On Tuesday, the US state of Texas executed an intellectually disabled man. Yet a decade ago the country's Supreme Court outlawed the execution of those they termed 'mentally retarded'.
In this episode we examine how the justice system serves those with mental disabilities.
"What you see here is a strategy to put lay people - judges and typical members of society, the jury - in a position of making clinical decisions and a clinical assessment based on their brief observations of someone in a court setting. There is absolutely no scientific basis for these [Briseno factors]."
- Margaret Nygren, of the American Association on Intellectual & Developmental Disabilities
Marvin Wilson, 54, was sentenced to death for killing a police informant two decades ago. His lawyers had appealed to the Supreme Court, arguing that he should be spared the death penalty due to his low IQ of 61. That is below the generally accepted minimum competency standard of 70.
A spokesman for the state of Texas described Wilson's last moments:
"He looked over and acknowledged the victim's family. He then looked at his family and said, 'Son, get your life right with Christ. Also, your mother, give your mum a hug for me and tell her that I love her. Y'all understand I came in here a sinner and I'm leaving a saint. Take me home, Jesus, take me home.' He then went on to look at his family and said, 'I love you all, and I'm ready.'"
Back in 2002, the Supreme Court ruled that the execution of the intellectually disabled constituted cruel and unusual punishment. But this week the justices denied Wilson's appeal and he was put to death by lethal injection. According to the Texas definition, Wilson did not suffer from mental disability.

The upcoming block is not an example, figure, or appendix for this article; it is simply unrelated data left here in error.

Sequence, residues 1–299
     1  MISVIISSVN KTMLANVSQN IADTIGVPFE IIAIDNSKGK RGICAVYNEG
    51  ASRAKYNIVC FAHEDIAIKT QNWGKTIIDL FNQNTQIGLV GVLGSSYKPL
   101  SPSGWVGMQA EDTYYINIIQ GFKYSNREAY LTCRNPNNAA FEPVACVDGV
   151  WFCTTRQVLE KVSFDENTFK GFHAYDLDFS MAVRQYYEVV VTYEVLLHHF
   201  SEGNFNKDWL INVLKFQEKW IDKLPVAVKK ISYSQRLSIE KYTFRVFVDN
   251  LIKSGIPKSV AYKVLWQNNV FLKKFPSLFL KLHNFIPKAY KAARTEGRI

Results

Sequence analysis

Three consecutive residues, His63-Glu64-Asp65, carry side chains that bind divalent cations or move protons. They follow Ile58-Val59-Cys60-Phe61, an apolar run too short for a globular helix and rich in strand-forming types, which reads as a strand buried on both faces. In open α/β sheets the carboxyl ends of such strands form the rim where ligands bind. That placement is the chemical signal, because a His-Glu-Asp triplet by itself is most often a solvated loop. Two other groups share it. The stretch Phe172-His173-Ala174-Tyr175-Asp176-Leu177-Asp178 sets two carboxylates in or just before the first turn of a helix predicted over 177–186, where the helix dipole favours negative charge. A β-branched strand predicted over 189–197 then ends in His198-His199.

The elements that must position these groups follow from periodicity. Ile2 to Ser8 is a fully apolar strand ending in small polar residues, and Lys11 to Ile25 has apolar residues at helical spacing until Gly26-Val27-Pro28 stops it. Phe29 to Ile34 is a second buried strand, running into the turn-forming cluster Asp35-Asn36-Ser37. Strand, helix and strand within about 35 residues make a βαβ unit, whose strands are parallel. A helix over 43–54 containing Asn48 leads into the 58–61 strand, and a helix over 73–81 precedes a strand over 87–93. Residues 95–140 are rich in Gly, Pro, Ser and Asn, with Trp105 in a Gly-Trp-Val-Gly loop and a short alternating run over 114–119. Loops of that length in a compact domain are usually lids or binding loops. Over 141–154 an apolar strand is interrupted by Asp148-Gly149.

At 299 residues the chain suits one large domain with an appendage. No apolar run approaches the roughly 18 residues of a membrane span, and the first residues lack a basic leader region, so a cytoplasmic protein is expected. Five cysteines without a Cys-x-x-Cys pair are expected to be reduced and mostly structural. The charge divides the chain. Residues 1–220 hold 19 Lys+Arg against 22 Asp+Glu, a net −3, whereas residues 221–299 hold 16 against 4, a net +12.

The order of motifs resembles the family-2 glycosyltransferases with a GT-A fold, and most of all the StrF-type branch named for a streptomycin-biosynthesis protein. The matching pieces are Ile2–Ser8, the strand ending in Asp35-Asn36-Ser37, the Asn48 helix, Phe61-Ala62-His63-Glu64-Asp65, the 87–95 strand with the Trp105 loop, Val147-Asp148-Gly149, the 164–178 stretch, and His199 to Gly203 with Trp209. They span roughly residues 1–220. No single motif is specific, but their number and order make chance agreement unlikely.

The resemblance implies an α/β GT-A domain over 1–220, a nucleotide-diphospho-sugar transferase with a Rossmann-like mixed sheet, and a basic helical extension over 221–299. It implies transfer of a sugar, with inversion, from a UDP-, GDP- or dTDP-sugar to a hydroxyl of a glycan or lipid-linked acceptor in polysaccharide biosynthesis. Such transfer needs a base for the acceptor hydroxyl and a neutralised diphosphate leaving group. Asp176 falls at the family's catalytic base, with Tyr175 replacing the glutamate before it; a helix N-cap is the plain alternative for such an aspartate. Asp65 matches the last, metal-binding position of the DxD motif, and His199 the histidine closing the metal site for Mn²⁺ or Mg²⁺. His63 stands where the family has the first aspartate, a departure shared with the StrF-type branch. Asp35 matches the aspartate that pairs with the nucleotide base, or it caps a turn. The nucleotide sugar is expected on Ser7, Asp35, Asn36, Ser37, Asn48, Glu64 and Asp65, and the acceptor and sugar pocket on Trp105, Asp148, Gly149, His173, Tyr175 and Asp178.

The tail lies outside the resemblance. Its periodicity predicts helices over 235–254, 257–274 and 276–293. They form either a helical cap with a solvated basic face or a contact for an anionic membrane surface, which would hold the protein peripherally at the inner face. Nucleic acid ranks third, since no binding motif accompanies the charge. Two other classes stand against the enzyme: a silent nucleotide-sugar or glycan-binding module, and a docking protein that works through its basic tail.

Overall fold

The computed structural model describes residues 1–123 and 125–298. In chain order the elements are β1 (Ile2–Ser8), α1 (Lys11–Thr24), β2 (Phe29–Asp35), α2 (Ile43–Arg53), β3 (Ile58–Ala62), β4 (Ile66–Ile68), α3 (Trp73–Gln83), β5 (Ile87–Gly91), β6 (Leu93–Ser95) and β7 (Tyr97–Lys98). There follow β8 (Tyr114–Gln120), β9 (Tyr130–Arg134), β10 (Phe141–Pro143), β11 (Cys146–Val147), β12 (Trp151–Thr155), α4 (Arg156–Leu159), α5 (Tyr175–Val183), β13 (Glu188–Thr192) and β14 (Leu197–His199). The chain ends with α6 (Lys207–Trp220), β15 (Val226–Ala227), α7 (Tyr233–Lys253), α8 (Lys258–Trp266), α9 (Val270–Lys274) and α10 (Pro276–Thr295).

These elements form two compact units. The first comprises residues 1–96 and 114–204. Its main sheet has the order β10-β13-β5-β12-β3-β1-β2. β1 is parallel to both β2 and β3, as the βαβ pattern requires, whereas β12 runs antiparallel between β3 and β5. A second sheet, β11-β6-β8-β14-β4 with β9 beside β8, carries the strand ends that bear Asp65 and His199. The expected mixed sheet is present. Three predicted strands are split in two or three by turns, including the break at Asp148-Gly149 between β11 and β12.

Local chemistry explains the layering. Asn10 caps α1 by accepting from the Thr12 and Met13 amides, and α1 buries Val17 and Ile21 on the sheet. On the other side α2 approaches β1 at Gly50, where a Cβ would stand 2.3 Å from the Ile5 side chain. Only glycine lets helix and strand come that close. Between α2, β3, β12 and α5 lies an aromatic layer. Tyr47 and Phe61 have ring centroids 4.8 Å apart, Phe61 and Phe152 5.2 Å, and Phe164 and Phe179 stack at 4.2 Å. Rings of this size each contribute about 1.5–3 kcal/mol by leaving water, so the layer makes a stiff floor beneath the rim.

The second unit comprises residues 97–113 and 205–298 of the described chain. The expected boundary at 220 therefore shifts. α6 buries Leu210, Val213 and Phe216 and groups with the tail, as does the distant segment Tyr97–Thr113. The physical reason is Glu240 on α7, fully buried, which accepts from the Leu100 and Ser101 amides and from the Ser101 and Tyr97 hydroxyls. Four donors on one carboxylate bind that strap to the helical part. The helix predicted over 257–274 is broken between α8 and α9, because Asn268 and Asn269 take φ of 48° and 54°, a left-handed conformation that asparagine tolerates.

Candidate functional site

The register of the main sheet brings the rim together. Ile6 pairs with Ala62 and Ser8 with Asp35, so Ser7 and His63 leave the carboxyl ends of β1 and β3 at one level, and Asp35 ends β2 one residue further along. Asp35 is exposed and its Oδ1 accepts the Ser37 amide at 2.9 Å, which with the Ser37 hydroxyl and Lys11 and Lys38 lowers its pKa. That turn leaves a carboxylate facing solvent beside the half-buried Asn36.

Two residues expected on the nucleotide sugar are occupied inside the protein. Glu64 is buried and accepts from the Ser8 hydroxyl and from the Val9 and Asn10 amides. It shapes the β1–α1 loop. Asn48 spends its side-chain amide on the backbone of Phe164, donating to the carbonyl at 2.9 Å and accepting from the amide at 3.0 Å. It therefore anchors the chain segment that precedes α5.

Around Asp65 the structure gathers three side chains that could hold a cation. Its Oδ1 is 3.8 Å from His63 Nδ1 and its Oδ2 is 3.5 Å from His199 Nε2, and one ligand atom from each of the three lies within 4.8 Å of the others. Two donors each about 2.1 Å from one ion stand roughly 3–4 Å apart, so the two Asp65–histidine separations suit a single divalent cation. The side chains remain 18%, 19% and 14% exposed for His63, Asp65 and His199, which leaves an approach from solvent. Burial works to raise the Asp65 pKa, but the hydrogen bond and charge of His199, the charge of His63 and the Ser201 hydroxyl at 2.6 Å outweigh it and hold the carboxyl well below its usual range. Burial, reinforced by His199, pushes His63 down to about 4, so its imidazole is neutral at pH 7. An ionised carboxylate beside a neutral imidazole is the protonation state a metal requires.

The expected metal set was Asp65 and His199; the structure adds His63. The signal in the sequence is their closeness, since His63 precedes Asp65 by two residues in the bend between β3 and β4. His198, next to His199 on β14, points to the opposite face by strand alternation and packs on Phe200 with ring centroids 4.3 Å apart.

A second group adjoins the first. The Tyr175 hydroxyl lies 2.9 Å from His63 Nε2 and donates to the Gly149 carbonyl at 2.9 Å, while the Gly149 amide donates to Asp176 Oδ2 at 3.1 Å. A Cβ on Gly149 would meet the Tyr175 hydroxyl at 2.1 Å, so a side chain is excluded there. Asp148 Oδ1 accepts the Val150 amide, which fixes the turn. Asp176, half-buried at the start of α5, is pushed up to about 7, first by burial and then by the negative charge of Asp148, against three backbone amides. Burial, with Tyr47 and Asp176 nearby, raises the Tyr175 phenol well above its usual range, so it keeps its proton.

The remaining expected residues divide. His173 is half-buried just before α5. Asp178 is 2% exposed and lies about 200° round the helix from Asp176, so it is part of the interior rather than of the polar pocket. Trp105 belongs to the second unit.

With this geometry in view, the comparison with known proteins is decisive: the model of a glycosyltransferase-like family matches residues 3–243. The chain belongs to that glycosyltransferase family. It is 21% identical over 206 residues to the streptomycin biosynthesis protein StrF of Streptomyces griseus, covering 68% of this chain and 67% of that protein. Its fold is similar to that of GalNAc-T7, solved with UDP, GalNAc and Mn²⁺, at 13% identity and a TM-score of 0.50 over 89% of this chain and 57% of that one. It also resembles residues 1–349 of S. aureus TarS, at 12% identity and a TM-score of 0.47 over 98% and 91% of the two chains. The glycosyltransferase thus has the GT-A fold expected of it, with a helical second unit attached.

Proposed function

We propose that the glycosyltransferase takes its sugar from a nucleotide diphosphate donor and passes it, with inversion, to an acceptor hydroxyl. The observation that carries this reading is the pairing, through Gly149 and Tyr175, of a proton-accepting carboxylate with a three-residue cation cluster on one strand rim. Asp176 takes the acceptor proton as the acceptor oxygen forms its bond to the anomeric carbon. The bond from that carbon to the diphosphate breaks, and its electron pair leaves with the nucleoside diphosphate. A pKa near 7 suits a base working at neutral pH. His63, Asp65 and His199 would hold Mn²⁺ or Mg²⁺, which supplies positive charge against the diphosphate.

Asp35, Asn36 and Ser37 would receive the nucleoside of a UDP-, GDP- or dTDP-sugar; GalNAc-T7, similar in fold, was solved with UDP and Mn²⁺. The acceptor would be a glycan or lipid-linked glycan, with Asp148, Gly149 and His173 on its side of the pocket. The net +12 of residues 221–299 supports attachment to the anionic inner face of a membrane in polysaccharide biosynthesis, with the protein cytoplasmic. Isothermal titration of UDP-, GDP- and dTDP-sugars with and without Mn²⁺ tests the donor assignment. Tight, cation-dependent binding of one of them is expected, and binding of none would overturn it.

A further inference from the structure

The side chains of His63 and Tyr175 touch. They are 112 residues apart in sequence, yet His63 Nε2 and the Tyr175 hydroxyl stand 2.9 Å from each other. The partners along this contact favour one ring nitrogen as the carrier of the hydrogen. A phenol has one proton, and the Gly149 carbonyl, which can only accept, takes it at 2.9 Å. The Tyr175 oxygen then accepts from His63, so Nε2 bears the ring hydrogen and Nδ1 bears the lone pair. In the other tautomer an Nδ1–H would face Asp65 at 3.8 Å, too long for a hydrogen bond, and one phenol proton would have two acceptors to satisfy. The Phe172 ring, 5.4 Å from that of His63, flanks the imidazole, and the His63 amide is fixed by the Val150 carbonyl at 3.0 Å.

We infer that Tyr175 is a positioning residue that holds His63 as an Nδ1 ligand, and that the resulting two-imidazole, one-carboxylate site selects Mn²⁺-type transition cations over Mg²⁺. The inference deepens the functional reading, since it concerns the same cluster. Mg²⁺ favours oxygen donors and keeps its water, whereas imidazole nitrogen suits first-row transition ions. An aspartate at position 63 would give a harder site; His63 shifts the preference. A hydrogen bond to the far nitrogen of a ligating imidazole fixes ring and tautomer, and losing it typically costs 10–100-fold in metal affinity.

Wilson was the 25th person to be executed in the US this year, and the seventh in Texas. Amnesty International has called the decision "highly disturbing" and several other rights groups criticised the sentence.
In executing people of lower intelligence, what sort of precedent does this case set?
To discuss this Inside Story Americas, with presenter Shihab Rattansi, speaks to: Jim Ellis, a lawyer who argued the 2002 case in which the Supreme Court ruled that executing intellectually disabled individuals is cruel and unusual punishment; Laura Moye, the Death Penalty Abolition Campaign director at Amnesty International USA; and Margaret Nygren, the executive director of the American Association on Intellectual and Developmental Disabilities.
"It is outrageous that the state of Texas continues to utilise unscientific guidelines, called the Briseno factors, to determine which citizens with intellectual disability are exempt from execution. The Briseno factors are not scientific tools, they are the decayed remainder of an uninformed stereotype that has been widely discredited by the nation's leading groups on intellectual disability ....That neither the courts nor state officials have stopped this execution is not only a shocking failure of a once-promising constitutional commitment, it is also a reminder that, as a society, we haven't come quite that far in understanding how so many of those around us live with intellectual disabilities."
Part of the statement by Lee Kovarsky, Wilson's attorney, condemning the Supreme Court's refusal to intervene in his client's case
- Virginia executed Teresa Lewis in 2010 despite her low IQ
- Warren hill was executed by Georgia despite having an IQ of only 70
- Georgia executed Jerome holiday in 1987 despite his IQ of just 49
- Mental disability is defined as below average intellectual functioning
- Experts say an IQ of less than 70 indicates intellectual disability
- Experts say intellectually disabled are more likely to be coerced
- Intellectually disabled people are often overwhelmed by police presence